Malpractice Suits: The Problem and a Solution
by Megan Kalmanir, Whitney Clar, Evan McClure, & David Younts

It is perhaps an American dream to win the lottery.  It is a chance to acquire money for nothing and change your fortune overnight.  This same free money principle can come from winning another type of lottery: malpractice lawsuits.  The controversy over malpractice lawsuits is a huge problem in our society.  With contingencies, trial lawyers are acquiring large amounts of the final settlement money from doctors and hospitals.  Commonly known as “ambulance chasers,” these lawyers encourage people to sue, offering these clients a no risk situation, no matter how frivolous the claim.  According to the author of "Politics Keeps Real Remedies for Medical Errors off Radar," because of the rising number of malpractice suits, doctors must purchase malpractice insurance, thus raising the price of health insurance to Americans (Politics).  The rising number of frivolous and “bogus” malpractice suits, although intended by the courts to provide justice to the supposed victims, is not only causing good doctors to lose their practice, but adversely affecting all of society by raising the costs of medical treatment.
As argued by the writer of “Bush and Kerry fail to Grasp Health Crisis Magnitude,” health care in the U.S. is currently a crisis (Bush).  Writer Kenneth Jost reveals that medical liability insurance cost doctors around seven billion dollars a year (Jost). Also, the average monthly premium for a family is up sixty-four percent from the year 2000 (Bush).  According to historian Kenneth Deville, medical progress generates heightened expectations among patients and doctors, which combines with other legal and social changes to produce more litigation and more and larger damage awards (Jost).  For example, according to the author of “Politics...”, $10-million was recently awarded to a family as a result of the supposed malpractice during the birth of their daughter some twenty years ago.  Allegedly, the physician should have realized that “the pregnancy was high risk because of the presence of gestational diabetes in the mother and should have referred her to an obstetrician.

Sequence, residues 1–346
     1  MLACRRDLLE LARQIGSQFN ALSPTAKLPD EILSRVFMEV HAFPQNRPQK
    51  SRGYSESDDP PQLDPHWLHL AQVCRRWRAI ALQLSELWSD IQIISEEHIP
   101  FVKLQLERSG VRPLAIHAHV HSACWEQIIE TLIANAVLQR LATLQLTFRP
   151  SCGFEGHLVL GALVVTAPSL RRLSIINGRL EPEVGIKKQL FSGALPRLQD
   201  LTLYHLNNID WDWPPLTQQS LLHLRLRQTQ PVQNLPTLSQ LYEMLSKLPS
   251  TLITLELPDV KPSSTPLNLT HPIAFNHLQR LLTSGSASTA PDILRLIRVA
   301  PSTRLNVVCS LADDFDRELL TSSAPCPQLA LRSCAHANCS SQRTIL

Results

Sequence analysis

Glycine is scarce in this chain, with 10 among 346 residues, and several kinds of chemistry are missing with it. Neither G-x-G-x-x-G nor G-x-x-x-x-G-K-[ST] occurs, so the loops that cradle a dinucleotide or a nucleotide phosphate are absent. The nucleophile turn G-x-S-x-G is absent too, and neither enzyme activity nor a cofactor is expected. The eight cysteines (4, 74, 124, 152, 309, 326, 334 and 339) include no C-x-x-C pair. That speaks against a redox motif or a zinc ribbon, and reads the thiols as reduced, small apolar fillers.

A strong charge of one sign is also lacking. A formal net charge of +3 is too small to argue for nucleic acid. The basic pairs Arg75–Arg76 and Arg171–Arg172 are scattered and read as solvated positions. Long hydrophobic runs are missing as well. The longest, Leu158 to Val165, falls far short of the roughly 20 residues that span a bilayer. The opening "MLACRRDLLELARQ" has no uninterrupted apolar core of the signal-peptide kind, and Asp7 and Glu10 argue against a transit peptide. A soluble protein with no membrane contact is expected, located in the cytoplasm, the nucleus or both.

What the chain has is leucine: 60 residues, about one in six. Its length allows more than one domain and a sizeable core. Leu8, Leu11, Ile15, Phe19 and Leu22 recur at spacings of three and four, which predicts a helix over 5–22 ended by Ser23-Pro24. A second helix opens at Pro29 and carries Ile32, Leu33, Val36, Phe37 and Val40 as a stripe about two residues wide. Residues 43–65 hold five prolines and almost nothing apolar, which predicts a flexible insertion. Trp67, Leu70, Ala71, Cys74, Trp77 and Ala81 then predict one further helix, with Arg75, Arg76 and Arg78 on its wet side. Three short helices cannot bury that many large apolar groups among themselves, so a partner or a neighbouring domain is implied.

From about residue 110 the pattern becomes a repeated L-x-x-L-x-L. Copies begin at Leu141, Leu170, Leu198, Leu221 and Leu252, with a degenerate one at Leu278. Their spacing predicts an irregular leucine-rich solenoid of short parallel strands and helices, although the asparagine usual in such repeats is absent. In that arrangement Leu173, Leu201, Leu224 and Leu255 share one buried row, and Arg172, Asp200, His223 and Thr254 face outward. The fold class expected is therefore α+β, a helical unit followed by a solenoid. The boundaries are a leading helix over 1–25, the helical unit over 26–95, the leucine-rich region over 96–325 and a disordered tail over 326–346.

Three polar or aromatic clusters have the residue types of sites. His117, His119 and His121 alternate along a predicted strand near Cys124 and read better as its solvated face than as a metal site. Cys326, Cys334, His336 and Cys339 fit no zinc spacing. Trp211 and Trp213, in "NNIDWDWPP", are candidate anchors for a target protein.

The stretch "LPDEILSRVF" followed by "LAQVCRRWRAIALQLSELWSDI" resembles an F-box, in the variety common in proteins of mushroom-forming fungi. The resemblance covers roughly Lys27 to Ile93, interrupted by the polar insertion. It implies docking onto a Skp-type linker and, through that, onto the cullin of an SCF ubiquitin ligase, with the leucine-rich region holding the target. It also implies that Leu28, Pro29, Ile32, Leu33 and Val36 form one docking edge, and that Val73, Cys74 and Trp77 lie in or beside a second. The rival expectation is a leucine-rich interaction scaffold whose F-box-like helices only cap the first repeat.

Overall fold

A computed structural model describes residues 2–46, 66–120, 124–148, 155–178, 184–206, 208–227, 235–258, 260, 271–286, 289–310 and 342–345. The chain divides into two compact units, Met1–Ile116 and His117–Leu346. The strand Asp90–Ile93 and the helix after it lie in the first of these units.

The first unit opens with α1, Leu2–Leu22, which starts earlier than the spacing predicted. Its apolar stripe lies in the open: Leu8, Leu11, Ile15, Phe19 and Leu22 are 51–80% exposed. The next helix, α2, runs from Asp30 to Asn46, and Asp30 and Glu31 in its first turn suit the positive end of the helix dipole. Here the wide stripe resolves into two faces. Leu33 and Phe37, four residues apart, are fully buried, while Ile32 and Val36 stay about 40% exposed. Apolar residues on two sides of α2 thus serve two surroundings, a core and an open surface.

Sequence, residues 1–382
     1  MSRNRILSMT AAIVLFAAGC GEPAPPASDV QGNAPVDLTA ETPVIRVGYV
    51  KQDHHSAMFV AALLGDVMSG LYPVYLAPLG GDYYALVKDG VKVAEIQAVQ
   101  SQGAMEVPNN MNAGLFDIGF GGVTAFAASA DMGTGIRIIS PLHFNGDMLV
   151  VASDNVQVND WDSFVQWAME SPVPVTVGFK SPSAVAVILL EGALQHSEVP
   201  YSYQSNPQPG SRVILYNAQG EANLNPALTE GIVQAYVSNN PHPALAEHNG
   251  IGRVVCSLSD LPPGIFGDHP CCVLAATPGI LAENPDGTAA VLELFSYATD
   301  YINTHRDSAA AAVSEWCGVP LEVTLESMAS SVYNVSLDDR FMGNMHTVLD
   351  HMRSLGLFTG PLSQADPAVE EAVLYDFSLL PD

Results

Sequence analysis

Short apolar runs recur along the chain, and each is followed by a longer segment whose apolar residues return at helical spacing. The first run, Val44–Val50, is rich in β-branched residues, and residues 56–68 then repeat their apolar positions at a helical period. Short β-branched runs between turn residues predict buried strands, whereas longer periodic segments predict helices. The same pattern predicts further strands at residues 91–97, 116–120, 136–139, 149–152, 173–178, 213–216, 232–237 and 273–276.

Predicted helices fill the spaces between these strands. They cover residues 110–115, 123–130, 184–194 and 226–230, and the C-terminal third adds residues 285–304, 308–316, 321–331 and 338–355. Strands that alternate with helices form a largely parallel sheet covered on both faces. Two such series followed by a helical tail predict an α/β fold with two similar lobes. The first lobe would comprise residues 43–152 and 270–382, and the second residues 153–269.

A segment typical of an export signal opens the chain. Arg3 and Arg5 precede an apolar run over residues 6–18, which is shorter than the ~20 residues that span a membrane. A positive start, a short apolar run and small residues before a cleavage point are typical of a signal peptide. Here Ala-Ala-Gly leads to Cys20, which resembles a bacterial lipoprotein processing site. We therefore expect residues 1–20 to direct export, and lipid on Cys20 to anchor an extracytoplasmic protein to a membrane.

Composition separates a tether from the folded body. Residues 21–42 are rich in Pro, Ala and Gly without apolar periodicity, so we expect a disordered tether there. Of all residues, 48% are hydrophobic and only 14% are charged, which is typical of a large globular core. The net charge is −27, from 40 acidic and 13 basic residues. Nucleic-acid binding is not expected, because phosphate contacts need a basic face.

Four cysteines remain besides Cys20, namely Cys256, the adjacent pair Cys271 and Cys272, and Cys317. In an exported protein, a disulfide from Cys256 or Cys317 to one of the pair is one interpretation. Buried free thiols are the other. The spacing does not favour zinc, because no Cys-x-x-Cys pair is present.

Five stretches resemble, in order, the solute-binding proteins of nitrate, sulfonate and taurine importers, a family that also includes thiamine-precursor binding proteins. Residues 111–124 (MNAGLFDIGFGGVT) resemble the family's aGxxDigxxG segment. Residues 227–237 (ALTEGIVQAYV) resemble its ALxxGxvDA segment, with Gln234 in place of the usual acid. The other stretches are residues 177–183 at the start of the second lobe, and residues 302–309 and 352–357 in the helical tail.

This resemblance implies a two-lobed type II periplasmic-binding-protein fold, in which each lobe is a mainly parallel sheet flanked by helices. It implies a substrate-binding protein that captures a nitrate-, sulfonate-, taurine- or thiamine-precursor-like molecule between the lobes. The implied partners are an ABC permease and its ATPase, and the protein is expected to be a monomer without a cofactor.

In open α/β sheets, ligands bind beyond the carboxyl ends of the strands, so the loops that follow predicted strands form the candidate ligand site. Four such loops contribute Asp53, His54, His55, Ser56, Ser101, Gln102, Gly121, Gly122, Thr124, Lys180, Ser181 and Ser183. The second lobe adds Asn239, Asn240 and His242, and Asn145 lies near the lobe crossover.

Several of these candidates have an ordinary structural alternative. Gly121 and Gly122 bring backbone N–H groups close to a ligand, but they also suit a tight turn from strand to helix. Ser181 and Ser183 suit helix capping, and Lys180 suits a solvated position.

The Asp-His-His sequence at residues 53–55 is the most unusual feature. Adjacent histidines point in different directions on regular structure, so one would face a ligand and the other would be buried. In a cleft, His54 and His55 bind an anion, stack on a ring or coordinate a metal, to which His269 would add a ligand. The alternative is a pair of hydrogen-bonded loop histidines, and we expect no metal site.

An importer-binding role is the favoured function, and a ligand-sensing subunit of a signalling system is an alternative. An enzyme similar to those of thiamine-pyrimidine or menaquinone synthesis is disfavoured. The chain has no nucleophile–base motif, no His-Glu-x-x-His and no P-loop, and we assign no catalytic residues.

The author also described that during his presidential campaign in 2004, President Bush blamed these "junk lawsuits” for driving up the cost of medicine and "running good docs out of practice.”  He argued that the President also favored a cap on punitive and non-economic amounts rewarded to an individual (Politics).  Maureen Glabman, of Hospitals and Health Networks, conveys that three of the most common reasons plaintiffs win settlements or judgments against hospitals are delayed care, diagnosis failures, and medication errors (Glabman).  Jim Drinkard, of USA Today, quotes Bush’s statement that the nation’s medical liability system is badly broken and access to quality health care for Americans is endangered by frivolous and abusive lawsuits (Dems).